“During the course of the R&D, all of the main suppliers were contacted and options discussed,” explains Lupi. “However, the decision to go with Nidec for the power management system was because of their flexibility to work with us to design a system that worked for the usage we envisaged based on our experience and knowledge of how a yacht of this size is used. At the time, all of the ‘off-the-shelf’ systems were based on an AC grid. An AC grid system is more adapted to usage on larger yachts (over 90m) and cruise ships where the minimum hotel power requirements are significantly higher.”

The use of a DC grid enabled the WIDER team to allow for the variable minimum power requirements more efficiently, which also allowed for other advantages to shine through, such as reduction in noise and vibration, fuel consummation and engine maintenance. Additionally, the DC grid permits for the inclusion of a significant amount of battery power/storage to help run the vessel even more efficiently across the range of power required at different times. As a result, the WIDER range can be powered by batteries alone for up to six hours, depending on state of charge, meaning nights in complete silence or stays at anchorages without the noise and smell from exhaust.

The use of a DC grid enabled the WIDER team to allow for the variable minimum power requirements more efficiently, which also allowed for other advantages to shine through.

Not all diesel-electric vessels have pod propulsion, as some have traditional shaftlne, so having made the decision to focus on diesel electric for the aforementioned reasons, WIDER decided to consider the power train. “Again, the decision to use pods was driven by the advantages these allow, such as increased maneuverability,” Lupi continues. “Furthermore, whereas on traditional yachts the engine room position at midships is determined by shaft line, the flexibility of layout with pods allows us to gain premium ‘real estate’ in the centre of the ship, ideal for guest areas, at the expense of space in the bow which is less suited for guest and crew accommodation.”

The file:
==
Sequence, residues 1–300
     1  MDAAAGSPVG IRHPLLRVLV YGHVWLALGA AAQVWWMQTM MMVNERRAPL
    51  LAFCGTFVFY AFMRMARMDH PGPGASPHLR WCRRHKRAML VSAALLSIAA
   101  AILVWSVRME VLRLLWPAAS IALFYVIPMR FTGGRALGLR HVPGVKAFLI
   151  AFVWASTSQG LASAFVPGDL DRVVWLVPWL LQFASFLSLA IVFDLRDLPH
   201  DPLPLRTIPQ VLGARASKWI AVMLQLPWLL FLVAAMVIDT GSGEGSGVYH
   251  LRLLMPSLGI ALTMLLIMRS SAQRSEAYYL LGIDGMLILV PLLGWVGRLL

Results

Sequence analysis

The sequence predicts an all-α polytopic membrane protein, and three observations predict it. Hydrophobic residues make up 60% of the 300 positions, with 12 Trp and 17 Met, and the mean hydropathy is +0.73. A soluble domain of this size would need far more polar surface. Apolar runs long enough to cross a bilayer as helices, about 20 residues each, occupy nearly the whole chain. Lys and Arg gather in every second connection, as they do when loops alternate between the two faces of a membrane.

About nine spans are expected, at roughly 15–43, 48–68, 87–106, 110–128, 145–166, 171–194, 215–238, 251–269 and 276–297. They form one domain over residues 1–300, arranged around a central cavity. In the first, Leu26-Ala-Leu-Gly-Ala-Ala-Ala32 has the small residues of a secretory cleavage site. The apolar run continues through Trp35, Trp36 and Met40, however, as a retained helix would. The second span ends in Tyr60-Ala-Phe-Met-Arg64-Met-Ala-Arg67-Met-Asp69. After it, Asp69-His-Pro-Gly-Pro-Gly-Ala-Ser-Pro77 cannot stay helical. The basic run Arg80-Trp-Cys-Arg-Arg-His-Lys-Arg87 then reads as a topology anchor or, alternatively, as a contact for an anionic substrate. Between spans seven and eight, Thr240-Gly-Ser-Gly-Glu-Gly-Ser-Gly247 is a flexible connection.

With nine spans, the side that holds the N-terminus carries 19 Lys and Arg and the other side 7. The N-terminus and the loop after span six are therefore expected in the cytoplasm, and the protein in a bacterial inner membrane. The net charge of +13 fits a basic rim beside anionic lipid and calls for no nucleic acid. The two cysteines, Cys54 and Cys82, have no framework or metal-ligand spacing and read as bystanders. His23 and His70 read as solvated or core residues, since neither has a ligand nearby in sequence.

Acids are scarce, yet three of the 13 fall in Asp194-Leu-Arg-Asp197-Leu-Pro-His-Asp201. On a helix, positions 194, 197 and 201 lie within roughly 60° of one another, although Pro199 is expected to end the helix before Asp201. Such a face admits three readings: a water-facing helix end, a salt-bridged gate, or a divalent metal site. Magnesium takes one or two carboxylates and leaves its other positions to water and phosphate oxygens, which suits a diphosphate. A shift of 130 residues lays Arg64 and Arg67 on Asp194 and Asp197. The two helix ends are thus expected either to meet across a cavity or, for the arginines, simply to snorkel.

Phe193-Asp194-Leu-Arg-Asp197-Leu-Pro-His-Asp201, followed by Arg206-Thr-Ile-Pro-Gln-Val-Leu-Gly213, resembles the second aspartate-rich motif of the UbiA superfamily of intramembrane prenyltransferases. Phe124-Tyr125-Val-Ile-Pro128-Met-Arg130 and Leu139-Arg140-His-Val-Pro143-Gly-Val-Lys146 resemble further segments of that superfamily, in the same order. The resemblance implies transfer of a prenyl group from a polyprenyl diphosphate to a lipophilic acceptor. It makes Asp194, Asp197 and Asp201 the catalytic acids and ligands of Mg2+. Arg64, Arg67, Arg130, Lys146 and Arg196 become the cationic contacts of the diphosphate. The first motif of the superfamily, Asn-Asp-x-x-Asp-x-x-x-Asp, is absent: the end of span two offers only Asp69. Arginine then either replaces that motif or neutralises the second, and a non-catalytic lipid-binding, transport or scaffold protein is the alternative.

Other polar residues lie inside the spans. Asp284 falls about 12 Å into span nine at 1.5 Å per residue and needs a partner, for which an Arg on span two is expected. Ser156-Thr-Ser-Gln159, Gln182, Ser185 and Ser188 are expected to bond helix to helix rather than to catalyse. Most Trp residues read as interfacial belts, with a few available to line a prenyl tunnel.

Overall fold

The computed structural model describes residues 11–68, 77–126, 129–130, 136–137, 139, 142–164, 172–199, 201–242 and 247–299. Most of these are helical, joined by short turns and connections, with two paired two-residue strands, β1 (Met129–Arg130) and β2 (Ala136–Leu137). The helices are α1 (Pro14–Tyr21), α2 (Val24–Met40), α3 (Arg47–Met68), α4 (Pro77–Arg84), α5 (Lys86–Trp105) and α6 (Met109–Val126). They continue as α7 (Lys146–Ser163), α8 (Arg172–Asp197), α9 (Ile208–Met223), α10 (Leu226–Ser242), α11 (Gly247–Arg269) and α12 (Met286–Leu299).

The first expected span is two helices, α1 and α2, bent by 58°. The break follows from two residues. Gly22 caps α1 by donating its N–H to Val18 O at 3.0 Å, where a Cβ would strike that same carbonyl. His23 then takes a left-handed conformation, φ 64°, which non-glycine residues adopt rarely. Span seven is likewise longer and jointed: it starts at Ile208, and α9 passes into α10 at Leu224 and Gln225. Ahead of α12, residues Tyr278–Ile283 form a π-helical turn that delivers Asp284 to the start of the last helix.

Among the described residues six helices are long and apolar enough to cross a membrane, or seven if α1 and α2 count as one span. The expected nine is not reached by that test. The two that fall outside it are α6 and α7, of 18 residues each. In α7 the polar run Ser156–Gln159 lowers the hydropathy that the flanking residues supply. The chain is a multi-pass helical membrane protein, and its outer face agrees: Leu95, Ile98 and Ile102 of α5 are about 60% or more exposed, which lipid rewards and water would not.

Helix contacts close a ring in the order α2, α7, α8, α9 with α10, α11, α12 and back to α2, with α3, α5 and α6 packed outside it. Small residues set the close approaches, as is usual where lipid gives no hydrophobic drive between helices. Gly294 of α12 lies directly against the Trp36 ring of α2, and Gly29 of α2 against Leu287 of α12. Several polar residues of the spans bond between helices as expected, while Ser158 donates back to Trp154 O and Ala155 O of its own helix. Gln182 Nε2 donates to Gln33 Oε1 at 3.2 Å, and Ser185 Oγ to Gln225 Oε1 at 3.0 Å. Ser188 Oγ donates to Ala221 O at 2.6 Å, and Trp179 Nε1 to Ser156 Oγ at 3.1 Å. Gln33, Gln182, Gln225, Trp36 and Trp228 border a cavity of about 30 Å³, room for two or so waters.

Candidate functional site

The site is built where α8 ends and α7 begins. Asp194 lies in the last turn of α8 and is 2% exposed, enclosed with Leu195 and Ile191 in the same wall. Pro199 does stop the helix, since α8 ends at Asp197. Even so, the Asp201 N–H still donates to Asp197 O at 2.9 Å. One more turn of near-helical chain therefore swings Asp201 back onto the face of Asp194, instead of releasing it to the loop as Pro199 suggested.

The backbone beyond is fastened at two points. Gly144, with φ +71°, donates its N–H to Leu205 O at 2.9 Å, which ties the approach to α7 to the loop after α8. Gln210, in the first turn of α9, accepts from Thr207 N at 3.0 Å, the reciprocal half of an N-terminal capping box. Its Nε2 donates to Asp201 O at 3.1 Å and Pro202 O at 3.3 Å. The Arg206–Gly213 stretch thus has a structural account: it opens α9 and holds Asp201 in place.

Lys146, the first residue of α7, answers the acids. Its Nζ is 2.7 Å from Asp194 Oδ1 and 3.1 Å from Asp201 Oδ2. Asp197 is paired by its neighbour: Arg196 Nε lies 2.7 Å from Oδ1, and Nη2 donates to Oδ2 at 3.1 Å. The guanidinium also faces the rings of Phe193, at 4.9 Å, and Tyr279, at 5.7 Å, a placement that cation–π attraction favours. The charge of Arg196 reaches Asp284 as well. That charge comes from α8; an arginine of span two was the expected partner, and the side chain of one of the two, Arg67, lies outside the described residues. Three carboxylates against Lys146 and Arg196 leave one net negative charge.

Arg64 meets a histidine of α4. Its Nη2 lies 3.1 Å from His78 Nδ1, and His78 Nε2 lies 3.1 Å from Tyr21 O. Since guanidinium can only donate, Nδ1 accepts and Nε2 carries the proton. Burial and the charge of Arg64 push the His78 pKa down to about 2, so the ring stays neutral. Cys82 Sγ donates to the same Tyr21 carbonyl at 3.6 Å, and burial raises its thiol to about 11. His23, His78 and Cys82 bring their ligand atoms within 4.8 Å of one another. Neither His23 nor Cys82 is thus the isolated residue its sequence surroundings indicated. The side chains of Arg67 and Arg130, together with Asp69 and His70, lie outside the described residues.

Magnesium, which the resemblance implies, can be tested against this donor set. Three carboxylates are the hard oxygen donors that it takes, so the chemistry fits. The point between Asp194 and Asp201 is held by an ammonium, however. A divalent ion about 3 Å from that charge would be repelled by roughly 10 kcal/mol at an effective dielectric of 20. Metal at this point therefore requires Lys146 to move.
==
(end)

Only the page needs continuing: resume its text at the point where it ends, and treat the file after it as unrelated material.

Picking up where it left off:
Veth was selected based on the quality of its product and its compact design, which includes counter rotating props that aid in reducing noise and vibration, in line with WIDER’s desire to produce yachts with extremely low noise and vibration levels. The worldwide after-sales service support available was also a significant consideration.

Cardini believes that the way the system has been designed lends itself well to yachting. “Essentially because it has been designed specifically for yachts,” he concludes. “We have not simply taken a system designed for another use and tried to adapt it for use on yachts. Yachting is about having fun on the water but that means at times relaxing for days at anchor and at others steaming across the Med. Yachting does not compare to the use of a cruise ship or a commercial vessel, where diesel electric has featured since the early 1900s. However, efficiency and reliability are highly sought after in yachting and we are confident that is precisely what the WIDER system offers: a tailor-made solution specific to yachting that will soon become the norm in the same way that electric cars are in the automotive industry.”